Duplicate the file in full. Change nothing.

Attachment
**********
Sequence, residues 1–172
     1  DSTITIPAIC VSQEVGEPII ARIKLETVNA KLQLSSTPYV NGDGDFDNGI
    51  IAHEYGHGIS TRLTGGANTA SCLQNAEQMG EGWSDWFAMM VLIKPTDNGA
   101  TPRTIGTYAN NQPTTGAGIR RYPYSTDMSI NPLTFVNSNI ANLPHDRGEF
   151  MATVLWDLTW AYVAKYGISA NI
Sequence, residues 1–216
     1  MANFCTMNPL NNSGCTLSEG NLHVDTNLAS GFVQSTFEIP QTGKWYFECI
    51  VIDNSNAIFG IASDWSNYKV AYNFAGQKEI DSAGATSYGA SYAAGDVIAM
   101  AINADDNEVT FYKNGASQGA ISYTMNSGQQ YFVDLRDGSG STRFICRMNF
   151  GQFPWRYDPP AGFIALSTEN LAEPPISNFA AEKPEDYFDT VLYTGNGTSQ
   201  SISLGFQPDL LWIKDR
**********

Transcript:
Sequence, residues 1–172
     1  DSTITIPAIC VSQEVGEPII ARIKLETVNA KLQLSSTPYV NGDGDFDNGI
    51  IAHEYGHGIS TRLTGGANTA SCLQNAEQMG EGWSDWFAMM VLIKPTDNGA
   101  TPRTIGTYAN NQPTTGAGIR RYPYSTDMSI NPLTFVNSNI ANLPHDRGEF
   151  MATVLWDLTW AYVAKYGISA NI
Sequence, residues 1–216
     1  MANFCTMNPL NNSGCTLSEG NLHVDTNLAS GFVQSTFEIP QTGKWYFECI
    51  VIDNSNAIFG IASDWSNYKV AYNFAGQKEI DSAGATSYGA SYAAGDVIAM
   101  AINADDNEVT FYKNGASQGA ISYTMNSGQQ YFVDLRDGSG STRFICRMNF
   151  GQFPWRYDPP AGFIALSTEN LAEPPISNFA AEKPEDYFDT VLYTGNGTSQ
   201  SISLGFQPDL LWIKDR